Sep 19, 2013

A selection of great perspectives on the Alaskan citizen dividend

Hey AP hacks:
A) It's called a snowmachine.

B) While I understand not wanting to destroy the allure of crazy Alaskans rolling in handouts with facts, if you would unpack the philosophical, constitutional, and economic principles behind this pathetic excuse for an informative "paragraph," you might realize the PFD is NOT even remotely "free money":

"The Permanent Fund was established in 1976 after North Slope oil was discovered. The state began distributing money from the fund to residents in 1982."

The PFD check each Alaskan receives represents the remnants of the cost of running our (socialistic) government. It is already money "owned" by each resident by the nature of those who are part of the Commons owning the resources that generated that money. The paltry amount we get each October is a small share of what is already ours to begin with; this is not the definition of "free." The state is actually living on money taken from the people. But never mind these pesky details! Free money!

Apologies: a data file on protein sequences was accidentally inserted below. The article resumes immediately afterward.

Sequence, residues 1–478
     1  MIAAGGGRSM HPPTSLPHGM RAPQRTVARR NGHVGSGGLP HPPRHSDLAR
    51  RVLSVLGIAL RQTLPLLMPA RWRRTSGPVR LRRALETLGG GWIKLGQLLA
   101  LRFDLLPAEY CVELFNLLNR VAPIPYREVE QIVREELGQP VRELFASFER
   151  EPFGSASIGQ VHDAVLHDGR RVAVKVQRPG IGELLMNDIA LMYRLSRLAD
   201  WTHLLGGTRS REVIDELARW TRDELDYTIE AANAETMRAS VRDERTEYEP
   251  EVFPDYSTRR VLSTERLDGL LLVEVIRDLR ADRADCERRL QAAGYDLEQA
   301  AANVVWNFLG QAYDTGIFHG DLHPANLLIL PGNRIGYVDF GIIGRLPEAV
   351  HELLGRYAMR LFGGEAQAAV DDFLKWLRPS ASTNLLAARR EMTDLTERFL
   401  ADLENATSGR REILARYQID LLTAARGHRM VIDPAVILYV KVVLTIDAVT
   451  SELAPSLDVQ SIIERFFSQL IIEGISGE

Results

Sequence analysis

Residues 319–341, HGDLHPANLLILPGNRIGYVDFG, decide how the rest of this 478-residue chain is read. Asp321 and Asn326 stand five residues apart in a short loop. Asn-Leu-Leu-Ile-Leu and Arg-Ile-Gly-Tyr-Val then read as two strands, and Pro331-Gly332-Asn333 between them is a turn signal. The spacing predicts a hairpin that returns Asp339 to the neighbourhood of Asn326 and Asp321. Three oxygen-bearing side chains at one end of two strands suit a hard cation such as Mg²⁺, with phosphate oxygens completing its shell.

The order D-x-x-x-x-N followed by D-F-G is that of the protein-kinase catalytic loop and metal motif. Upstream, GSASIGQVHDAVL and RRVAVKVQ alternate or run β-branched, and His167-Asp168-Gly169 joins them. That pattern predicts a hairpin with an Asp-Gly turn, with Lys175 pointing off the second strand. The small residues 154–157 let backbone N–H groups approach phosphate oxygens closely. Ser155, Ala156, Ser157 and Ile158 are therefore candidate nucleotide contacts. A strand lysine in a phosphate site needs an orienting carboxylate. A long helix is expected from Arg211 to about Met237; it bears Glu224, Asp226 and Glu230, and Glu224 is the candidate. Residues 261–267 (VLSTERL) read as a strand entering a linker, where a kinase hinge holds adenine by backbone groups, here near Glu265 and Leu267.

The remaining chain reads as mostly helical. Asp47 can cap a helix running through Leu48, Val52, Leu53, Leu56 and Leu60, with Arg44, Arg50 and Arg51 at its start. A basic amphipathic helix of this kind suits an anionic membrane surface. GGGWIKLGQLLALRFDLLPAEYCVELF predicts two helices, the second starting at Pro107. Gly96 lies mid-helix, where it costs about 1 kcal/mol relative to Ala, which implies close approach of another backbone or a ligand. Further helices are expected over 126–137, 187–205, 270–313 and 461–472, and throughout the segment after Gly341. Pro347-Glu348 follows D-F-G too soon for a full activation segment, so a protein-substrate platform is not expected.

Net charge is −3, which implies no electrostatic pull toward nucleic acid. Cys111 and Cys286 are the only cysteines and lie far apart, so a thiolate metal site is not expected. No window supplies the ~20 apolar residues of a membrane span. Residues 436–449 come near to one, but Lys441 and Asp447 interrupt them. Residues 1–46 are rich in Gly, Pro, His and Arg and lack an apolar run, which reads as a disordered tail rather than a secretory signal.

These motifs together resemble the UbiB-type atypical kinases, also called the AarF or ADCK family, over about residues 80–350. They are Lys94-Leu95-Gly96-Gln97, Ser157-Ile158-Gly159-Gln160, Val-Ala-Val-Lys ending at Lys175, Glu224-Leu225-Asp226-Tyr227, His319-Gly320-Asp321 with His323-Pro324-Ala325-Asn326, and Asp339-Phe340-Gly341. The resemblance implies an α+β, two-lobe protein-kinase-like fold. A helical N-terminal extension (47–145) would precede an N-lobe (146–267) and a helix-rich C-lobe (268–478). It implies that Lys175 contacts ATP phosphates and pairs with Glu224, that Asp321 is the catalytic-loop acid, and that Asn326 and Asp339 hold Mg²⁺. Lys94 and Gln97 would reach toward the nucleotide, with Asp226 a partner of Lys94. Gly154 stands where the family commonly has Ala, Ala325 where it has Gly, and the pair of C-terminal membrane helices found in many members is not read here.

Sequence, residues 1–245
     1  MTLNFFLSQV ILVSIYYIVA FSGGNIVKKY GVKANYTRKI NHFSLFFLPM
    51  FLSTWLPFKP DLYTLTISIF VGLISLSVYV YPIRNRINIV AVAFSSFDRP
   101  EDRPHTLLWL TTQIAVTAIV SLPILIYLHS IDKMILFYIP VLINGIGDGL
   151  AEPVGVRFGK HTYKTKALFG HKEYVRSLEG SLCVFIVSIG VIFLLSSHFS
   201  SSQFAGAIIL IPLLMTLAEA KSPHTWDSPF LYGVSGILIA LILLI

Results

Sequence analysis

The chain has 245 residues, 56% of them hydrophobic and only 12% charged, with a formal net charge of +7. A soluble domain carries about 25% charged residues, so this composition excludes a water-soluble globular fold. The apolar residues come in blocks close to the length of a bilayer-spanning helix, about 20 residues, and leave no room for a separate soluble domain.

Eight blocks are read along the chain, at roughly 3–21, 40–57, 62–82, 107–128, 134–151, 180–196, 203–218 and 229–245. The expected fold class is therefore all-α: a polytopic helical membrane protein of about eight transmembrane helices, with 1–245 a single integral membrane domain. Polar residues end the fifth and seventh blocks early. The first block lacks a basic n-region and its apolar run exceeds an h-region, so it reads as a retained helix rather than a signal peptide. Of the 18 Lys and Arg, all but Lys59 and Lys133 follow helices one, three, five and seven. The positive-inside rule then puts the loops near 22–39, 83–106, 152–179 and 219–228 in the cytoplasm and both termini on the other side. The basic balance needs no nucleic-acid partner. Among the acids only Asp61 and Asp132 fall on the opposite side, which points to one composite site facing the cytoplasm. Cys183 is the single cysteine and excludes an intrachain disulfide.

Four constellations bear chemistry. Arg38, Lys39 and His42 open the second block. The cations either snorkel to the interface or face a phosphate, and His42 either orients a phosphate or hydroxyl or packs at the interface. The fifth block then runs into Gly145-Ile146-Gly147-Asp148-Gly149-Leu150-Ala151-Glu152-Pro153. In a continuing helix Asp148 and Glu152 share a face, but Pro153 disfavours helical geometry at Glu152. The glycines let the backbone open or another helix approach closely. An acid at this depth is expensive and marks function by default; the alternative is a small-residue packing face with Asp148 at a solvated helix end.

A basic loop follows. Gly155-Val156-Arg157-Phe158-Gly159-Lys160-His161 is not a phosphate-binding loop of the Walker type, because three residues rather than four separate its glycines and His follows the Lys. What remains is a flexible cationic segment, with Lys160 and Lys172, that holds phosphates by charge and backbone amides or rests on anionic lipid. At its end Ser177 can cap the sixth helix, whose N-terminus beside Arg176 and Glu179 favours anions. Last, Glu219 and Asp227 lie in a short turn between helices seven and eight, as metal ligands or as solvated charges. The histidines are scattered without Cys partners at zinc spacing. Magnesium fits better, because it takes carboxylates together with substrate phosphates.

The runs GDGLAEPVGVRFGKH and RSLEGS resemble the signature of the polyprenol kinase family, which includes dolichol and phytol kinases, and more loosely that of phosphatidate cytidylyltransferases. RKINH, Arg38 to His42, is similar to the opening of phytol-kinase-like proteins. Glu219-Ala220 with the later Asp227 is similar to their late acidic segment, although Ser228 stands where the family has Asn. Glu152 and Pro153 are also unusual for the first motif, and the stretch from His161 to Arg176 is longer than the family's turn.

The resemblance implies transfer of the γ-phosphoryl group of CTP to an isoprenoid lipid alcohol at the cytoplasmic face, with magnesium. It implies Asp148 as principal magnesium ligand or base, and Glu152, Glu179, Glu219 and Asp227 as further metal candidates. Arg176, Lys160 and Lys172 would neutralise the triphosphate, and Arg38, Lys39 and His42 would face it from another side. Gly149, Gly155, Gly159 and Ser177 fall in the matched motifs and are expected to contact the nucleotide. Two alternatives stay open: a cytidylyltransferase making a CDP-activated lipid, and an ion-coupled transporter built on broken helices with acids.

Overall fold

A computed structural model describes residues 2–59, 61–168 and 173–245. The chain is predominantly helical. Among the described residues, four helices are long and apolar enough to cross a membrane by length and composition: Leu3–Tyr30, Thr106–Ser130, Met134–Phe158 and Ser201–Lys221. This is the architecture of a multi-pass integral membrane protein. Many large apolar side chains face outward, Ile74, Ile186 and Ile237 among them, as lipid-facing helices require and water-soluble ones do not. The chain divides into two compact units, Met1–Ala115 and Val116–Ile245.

So, it's not really free. It's more like finding a $20 in the, that isn't it either. It's like that bully down the street stealing your lunch money and then expecting you to be grateful when he returns a part of the money after he has indulged himself and a few buddies on donuts.

Kelly Jo Herrmann ·  Top Commenter · Anchorage, Alaska
I really wish people would bother to research this topic and stop calling it 'free money'. It is NOT free money. We, the Alaskan people, OWN the resource.

Byron Whitesides · Hillsdale College Online Courses
funny we haven't had a decent permanent fund since Sarah Palin was governor in spite of record oil prices and profits. Meanwhile the present governor can give billions of tax monies back to the oil companies making record profits here, with no promise from them of more development or production. Don't you think that in order to get a tax break, they should have to drill and produce NEW development? Something stinks here...

Sheilah Blanco ·  Top Commenter · Anything Legal at Public
Thank you ever so kindly LORD and of course you too Alaska. I don't mind admitting there was actually a time the PFD spared me and my kids from homelessness. Due to my mistake(s) and failings it's true, but TG the PFD was there.

Adam Rose-Levy · Intern at Funny Or Die
The PFD is awesome, no doubt about that. But I encourage people to look at what Norway has done with their Sovereign Wealth Fund. Had we nationalized our oil industry, we could be looking at that kind of chump change (an estimated $1 trillion by 2020). Just some food for thought.

If you want to thank someone, thank the "father of the Alaska Permanent Fund", the late former Speaker of the House, Hugh Malone; and "father of the Permanent Fund Dividend", the late Governor Jay Hammond.

From Anchorage Daily News

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